Conventional Rotary Launcher (CRL)
Rotary launchers provide for the internal storage of a relatively large number of missiles in a confined space and provide the ability to precisely position the weapon for ejection. This layout allows the use of a smaller weapon bay than would be required when using conventional bomb racks. As a result, the opening in the fuselage need only be slightly larger than that of the individual missile. The problem is that even a small opening will allow a considerable amount of air turbulence into the weapon bay, especially if the aircraft is at near sonic or supersonic speeds. The turbulence can cause high structural loads to be placed on the missiles, the launcher itself and any hydraulic and/or electrical equipment located within the weapon bay. Another problem is the dramatic increase in the radar cross-section of the aircraft, along with an increase in aerodynamic drag when the weapon bay doors are open.
Since the Air Force's decision in 2013 to increase the B-52H Stratofortress fleet's effectiveness and versatility by increasing the aircraft's smart weapons capacity by over 50 percent, teams from Tinker Air Force Base, Oklahoma, Boeing, and now Edwards AFB, partnered up to begin developmental testing on the bombers newest upgrade. This new upgrade csme in the form of a Conventional Rotary Launcher (CRL), which members from the 419th Flight Test Squadron, the Global Power Bomber Combined Test Force and Boeing installed on an Edwards AFB B-52H in December 2015.
The upgrade modifies the internal weapons bay of the B-52H bomber by integrating a CRL that has the capability of carrying Military Standard 1760 smart weapons. According to the Boeing test team, the upgrade is essential because it increases weapons capability on the external wing stations of the B-52H, while adding the smart weapons capability for the first time to the bomb bay.
One of the benefits of the 1760 upgrade is it brings a lot of capability to the B-52 that did not exist on the aircraft. The B-52 wasn't able to carry smart weapons inside the bomb bay, but now with the new CRL it will be able to carry Joint Direct Attack Munitions with the first increment, and with future increments it will be able to carry Joint Air-to-Surface Standoff Missiles and Miniature Air Launched Decoys.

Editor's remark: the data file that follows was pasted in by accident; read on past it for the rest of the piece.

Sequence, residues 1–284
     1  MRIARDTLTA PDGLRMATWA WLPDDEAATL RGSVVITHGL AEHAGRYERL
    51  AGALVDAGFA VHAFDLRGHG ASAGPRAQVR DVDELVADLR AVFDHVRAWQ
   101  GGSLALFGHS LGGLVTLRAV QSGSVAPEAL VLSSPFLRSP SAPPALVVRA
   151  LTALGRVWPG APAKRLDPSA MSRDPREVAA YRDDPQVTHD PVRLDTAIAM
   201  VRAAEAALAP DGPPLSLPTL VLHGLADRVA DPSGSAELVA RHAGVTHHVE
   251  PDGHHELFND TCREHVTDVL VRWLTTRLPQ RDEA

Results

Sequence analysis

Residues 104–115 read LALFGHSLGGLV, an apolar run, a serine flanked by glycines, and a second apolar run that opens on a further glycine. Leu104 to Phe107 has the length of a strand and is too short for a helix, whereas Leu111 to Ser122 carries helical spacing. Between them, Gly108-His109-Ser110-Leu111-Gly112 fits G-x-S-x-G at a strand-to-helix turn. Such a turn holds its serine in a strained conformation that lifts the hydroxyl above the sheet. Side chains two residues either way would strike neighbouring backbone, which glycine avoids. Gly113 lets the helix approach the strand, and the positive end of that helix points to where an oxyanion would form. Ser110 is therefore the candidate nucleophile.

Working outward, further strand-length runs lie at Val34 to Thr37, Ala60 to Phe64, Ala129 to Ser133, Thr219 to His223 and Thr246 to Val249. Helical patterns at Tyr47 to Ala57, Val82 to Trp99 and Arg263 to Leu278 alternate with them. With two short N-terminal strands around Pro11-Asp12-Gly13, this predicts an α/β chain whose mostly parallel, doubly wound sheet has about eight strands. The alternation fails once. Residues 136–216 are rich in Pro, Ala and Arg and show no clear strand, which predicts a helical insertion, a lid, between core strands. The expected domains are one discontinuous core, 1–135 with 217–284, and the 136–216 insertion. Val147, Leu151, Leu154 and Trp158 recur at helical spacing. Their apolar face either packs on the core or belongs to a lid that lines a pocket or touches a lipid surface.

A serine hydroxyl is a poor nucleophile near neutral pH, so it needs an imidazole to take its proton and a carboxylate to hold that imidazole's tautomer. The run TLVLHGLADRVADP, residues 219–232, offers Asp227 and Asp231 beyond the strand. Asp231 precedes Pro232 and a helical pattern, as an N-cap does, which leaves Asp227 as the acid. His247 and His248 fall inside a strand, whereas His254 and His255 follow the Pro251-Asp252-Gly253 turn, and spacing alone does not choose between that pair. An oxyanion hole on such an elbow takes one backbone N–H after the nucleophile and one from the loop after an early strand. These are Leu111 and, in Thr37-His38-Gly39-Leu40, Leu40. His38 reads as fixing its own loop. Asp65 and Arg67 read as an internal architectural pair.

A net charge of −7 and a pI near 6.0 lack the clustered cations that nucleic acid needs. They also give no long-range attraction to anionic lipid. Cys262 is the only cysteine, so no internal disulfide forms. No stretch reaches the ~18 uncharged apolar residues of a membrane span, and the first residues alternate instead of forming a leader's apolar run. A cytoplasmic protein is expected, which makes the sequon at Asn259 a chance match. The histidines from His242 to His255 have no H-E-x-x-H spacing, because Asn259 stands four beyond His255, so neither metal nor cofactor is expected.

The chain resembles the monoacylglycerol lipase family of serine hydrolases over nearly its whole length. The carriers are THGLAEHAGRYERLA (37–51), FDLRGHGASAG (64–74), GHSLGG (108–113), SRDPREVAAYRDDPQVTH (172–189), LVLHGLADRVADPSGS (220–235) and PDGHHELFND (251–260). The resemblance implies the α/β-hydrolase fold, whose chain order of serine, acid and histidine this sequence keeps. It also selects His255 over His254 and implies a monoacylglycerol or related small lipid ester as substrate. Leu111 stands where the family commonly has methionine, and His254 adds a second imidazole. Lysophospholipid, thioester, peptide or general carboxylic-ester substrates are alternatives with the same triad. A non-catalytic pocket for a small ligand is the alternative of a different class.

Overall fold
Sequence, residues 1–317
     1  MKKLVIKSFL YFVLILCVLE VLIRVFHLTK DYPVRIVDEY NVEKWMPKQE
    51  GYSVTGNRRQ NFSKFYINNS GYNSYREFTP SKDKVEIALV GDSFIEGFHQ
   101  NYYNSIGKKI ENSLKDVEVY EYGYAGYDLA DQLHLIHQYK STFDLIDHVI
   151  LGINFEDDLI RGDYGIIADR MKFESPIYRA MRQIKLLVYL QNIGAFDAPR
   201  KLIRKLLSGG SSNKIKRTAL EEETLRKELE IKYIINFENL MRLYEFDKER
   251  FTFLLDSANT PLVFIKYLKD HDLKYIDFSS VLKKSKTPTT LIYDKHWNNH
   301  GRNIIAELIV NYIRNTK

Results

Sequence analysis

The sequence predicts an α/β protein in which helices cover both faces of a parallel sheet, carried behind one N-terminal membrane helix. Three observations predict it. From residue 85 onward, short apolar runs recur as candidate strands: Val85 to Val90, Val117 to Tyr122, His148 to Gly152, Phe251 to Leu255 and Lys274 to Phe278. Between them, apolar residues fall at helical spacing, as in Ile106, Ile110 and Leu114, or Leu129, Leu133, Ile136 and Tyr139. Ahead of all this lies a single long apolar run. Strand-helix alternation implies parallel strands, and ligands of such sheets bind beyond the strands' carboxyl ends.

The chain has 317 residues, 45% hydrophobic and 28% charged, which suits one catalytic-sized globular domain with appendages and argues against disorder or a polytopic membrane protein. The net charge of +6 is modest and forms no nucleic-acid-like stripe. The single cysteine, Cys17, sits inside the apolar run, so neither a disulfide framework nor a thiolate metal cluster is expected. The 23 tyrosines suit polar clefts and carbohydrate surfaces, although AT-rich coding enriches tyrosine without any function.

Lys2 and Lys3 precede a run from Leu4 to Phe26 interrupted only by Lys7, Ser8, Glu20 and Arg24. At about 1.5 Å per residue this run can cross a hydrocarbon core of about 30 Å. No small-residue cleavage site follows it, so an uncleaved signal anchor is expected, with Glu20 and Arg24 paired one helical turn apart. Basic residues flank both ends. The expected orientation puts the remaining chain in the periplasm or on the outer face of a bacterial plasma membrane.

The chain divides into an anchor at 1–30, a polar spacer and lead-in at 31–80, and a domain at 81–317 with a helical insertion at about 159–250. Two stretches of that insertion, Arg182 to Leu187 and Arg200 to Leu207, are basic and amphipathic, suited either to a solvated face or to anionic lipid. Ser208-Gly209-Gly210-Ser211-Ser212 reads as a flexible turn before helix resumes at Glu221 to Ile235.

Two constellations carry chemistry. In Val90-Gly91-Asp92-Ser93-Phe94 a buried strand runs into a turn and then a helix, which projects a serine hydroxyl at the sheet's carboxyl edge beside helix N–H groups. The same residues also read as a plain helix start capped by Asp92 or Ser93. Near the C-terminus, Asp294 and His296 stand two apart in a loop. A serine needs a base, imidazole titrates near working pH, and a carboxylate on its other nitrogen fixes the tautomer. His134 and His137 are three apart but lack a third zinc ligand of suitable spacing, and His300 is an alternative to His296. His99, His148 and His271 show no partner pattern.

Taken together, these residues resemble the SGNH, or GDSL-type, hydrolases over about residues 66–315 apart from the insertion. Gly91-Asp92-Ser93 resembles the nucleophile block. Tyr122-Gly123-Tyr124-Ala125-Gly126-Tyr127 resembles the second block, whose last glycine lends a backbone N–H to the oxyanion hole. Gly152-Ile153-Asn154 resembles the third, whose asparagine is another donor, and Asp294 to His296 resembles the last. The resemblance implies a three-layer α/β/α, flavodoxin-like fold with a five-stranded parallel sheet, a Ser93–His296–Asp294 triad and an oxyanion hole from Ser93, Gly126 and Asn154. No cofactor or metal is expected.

The addition of smart weapons capability to the internal weapons bays allows the bomber to respond with accuracy and flexibility in real time to the warfighter's needs. The upgrade adds capability while remaining affordable by adapting existing technology for use in the weapons bay. By providing smart weapons capability in the bay, the bomber can be employed in a clean wing configuration, (meaning) no weapons on the external pylons, thus increasing its range and loiter time.
The increased carriage of smart weapons would allow the B-52 to engage more targets precisely compared to the unguided bombs currently approved for bay carriage. By being able to integrate smart weapons in the bay, the Air Force can prosecute more targets, more precisely, while minimizing collateral damage. It will allow performing direct attack, provide close air support for our Army brethren on the ground and be able to execute our overall mission more effectively and efficiently. With future increments, the strategic attack capability will be enhanced, which is the cornerstone of the B-52; by being able to perform long range strikes and carry smart weapons in the bay.
At the conclusion of the upgrade, all B-52H's will be modified with this unique capability and the aircraft will be available for employment by Air Force combatant commanders, Lupton said. There are several stages of testing included with the hardware and software modifications. The final stage of the upgrade will include approximately 10 test flights to verify the B-52H's upgraded capability.
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